Email from NSF Directorate, September 18, 2017:
With the second major hurricane – Hurricane Irma – to strike the United States, the National Science Foundation (NSF) and its staff remain strongly committed to supporting the people and institutions affected by these storms. Now that the consequences of these disasters are upon us, new science and engineering questions are being raised. Through this Dear Colleague Letter, NSF encourages the submission of proposals that seek to address the challenges related to Hurricane Irma. NSF also will support fundamental science and engineering research projects whose results may enable our country to better prepare for, respond to, recover from, or mitigate future catastrophic events. Research proposals relating to a better fundamental understanding of the impacts of the storm (both physical, biological and societal), human aspects of natural disasters (including first responders and the general public), emergency response methods, and approaches that promise to reduce future damage also are welcome.
With NSF support, researchers have a long history of advancing understanding and knowledge about natural and built environments, as well as the relationship between humans and their environments in the context of large-scale disasters. Fundamental science and technological advancements are vital to our continued improvement of disaster preparation and restoration. For example, NSF-funded research has advanced understanding of the mechanisms that cause levee failures, gained new knowledge on the performance of critical infrastructure, and supported efforts to improve flood water decontamination. Researchers also have improved our ability to better predict, with longer lead times, the path of tropical cyclones. NSF support for researchers has led to the deployment of underwater rescue robots in an effort to safeguard emergency workers, developed real-time flood potential models, conducted effectiveness assessments of oil plume dispersants, assessed and advised better hazard-resistant buildings, and developed liquefaction mitigation methods in response to earthquakes. In addition, NSF-funded researchers have made ground-breaking discoveries about the long-term psychological and emotional impacts of national disasters.
Multiple proposal mechanisms are available to conduct new research related to Hurricane Irma.
- RAPID: Proposals focusing on projects with severe urgency with regard to availability of, or access to, data, facilities or specialized equipment, including quick-response research on natural disasters. RAPID proposal project descriptions are expected to be brief and may not exceed 5 pages, with a maximum request of $200K for one year, although many are much smaller. See the NSF Proposal and Award Policies and Procedures Guide (PAPPG) Chapter II.E.1 for instructions on preparation of a RAPID proposal. (https://www.nsf.gov/pubs/policydocs/pappg17_1/pappg_2.jsp#IIE1).
- EAGER: Proposals to conduct fundamental research representing exploratory work in its early stages on untested, but potentially transformative, research ideas or approaches. This research may be considered especially “high risk-high payoff” in the sense that it, for example, involves radically different approaches, applies new expertise, or engages novel disciplinary or interdisciplinary perspectives. EAGER proposal project descriptions are expected to be brief, and may not exceed 8 pages. Requests may be up to $300K and with a maximum award duration of two years. See PAPPG Chapter II.E.2 for instructions on preparation of an EAGER proposal (https://www.nsf.gov/pubs/policydocs/pappg17_1/pappg_2.jsp#IIE2).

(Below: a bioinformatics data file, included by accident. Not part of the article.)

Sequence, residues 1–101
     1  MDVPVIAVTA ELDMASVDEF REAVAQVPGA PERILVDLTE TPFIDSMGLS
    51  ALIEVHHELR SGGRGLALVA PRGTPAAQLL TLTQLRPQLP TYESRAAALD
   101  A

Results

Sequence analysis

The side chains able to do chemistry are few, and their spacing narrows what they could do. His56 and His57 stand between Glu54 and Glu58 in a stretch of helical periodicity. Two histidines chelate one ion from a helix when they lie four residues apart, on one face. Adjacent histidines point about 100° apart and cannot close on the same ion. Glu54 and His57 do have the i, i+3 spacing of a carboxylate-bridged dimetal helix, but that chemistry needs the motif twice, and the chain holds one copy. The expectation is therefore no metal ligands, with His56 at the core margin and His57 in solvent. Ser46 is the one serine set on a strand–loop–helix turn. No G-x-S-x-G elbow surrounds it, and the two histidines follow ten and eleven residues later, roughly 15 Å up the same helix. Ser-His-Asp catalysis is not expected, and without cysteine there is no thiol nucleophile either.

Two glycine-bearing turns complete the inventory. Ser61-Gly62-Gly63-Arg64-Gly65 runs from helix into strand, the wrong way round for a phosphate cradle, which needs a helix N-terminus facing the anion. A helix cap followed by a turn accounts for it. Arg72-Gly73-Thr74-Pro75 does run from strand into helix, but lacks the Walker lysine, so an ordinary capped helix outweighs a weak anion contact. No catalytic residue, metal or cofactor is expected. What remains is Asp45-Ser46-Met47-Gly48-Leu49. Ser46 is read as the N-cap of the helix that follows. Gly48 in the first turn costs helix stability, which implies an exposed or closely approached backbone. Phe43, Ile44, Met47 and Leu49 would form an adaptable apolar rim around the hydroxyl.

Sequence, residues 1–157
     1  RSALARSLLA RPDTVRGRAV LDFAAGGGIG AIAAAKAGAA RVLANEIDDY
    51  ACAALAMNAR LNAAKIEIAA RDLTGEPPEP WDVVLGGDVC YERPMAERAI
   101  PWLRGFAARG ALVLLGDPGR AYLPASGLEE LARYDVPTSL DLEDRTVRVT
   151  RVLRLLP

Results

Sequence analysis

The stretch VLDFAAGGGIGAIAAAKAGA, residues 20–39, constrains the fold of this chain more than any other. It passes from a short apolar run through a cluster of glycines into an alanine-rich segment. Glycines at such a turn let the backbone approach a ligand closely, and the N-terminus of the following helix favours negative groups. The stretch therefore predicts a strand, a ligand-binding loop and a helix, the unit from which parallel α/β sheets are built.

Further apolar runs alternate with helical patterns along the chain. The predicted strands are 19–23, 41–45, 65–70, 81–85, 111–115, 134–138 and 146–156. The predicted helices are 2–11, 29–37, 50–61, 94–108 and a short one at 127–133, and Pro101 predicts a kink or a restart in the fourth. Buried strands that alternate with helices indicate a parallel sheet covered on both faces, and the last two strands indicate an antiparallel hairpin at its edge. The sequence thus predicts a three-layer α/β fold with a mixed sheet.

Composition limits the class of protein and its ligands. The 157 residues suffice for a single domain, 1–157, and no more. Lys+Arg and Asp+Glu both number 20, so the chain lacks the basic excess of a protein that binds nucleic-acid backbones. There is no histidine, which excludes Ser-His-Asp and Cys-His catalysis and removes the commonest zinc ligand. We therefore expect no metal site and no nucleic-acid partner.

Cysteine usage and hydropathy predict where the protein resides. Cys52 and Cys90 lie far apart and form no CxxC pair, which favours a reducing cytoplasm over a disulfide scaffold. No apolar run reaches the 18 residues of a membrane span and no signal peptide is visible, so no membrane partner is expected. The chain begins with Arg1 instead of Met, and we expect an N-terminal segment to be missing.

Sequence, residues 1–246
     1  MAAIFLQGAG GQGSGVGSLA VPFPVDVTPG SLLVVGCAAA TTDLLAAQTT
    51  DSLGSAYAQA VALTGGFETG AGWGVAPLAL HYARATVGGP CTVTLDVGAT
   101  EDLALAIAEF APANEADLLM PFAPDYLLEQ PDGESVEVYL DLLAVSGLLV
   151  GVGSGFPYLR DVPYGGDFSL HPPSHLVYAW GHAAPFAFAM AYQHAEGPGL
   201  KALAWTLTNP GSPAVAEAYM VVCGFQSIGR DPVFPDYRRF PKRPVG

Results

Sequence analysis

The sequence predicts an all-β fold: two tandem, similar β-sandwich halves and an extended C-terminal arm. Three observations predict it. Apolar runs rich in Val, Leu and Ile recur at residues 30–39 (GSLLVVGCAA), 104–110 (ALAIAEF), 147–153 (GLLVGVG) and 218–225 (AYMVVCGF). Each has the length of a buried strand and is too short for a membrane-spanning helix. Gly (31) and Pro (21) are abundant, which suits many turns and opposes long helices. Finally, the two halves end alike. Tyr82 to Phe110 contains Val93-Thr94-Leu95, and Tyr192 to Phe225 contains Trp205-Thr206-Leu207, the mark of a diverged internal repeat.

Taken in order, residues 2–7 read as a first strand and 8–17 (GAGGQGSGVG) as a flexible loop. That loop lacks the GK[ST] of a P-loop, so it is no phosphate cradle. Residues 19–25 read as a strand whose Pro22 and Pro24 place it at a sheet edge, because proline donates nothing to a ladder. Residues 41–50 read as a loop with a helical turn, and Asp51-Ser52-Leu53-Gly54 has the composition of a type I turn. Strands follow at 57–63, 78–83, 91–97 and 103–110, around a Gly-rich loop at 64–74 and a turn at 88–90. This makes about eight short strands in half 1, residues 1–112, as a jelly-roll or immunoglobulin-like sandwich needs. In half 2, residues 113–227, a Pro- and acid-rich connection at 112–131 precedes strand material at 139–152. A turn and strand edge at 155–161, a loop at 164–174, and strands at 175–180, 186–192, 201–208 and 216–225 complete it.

- Supplements to existing awards: Small amounts of supplemental funding to existing awards may be requested. See PAPPG Chapter VI.E.4 for instructions on preparation of a supplemental funding request (https://www.nsf.gov/pubs/policydocs/pappg17_1/pappg_6.jsp#VIE4).
To submit a RAPID, EAGER or supplemental funding request, investigators must contact the NSF Program Officer most closely related to the proposal topic before submitting, to determine if the proposed activities meet NSF’s guidelines for these types of submissions or whether the proposed work is more suitable for submission as an unsolicited proposal. The contact people listed below, one from each NSF directorate, can help investigators identify the appropriate Program Officer.
Proposals submitted pursuant to this DCL may request the use of NSF-funded advanced computing resources such as Blue Waters or Stampede2. In these cases, investigators must contact the NSF Office of Advanced Cyberinfrastructure (OAC) prior to submission of the proposal.
Proposals may be submitted at any time.
Investigators with general questions are advised to contact one of the following Directorate liaisons:
BIO: Elizabeth Blood, email@example.com, (703) 292-4349
CISE: David Corman, firstname.lastname@example.org, (703) 292-8745
EHR: David Campbell, email@example.com, (703) 292-5093
ENG: Joy Pauschke, firstname.lastname@example.org, (703) 292-7024
GEO: Mike Sieracki, email@example.com, (703) 292-7585
MPS: John Gillaspy, firstname.lastname@example.org, (703) 292-7173
OAC: Ed Walker, email@example.com, (703) 292-4863
SBE: Robert (Bob) O’Connor, firstname.lastname@example.org, (703) 292-7263
James Olds, AD BIO
James Kurose, AD CISE
James Lewis, AD EHR
Dawn Tilbury, AD ENG
William Easterling, AD GEO
James Ulvestad, AD MPS
Fay Cook, AD SBE
Suzanne Iacono, Office Head, OIA”